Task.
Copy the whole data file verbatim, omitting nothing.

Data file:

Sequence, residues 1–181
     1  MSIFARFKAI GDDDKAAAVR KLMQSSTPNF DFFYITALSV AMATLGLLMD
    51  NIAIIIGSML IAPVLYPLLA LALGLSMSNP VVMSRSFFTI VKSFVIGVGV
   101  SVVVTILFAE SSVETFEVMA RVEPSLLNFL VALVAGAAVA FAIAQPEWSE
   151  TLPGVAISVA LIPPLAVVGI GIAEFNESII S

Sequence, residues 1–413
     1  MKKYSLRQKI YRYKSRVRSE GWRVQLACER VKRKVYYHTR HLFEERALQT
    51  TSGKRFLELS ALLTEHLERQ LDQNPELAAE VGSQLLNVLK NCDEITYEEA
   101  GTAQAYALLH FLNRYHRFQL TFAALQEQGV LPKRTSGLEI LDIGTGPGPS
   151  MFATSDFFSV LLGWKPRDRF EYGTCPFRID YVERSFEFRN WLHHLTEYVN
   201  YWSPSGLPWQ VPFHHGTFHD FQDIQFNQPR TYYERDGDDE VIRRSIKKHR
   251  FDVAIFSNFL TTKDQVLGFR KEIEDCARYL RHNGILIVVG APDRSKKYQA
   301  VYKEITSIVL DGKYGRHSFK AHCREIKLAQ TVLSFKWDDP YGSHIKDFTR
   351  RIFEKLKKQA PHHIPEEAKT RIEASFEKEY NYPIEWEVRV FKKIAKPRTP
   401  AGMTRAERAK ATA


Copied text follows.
Sequence, residues 1–181
     1  MSIFARFKAI GDDDKAAAVR KLMQSSTPNF DFFYITALSV AMATLGLLMD
    51  NIAIIIGSML IAPVLYPLLA LALGLSMSNP VVMSRSFFTI VKSFVIGVGV
   101  SVVVTILFAE SSVETFEVMA RVEPSLLNFL VALVAGAAVA FAIAQPEWSE
   151  TLPGVAISVA LIPPLAVVGI GIAEFNESII S

Sequence, residues 1–413
     1  MKKYSLRQKI YRYKSRVRSE GWRVQLACER VKRKVYYHTR HLFEERALQT
    51  TSGKRFLELS ALLTEHLERQ LDQNPELAAE VGSQLLNVLK NCDEITYEEA
   101  GTAQAYALLH FLNRYHRFQL TFAALQEQGV LPKRTSGLEI LDIGTGPGPS
   151  MFATSDFFSV LLGWKPRDRF EYGTCPFRID YVERSFEFRN WLHHLTEYVN
   201  YWSPSGLPWQ VPFHHGTFHD FQDIQFNQPR TYYERDGDDE VIRRSIKKHR
   251  FDVAIFSNFL TTKDQVLGFR KEIEDCARYL RHNGILIVVG APDRSKKYQA
   301  VYKEITSIVL DGKYGRHSFK AHCREIKLAQ TVLSFKWDDP YGSHIKDFTR
   351  RIFEKLKKQA PHHIPEEAKT RIEASFEKEY NYPIEWEVRV FKKIAKPRTP
   401  AGMTRAERAK ATA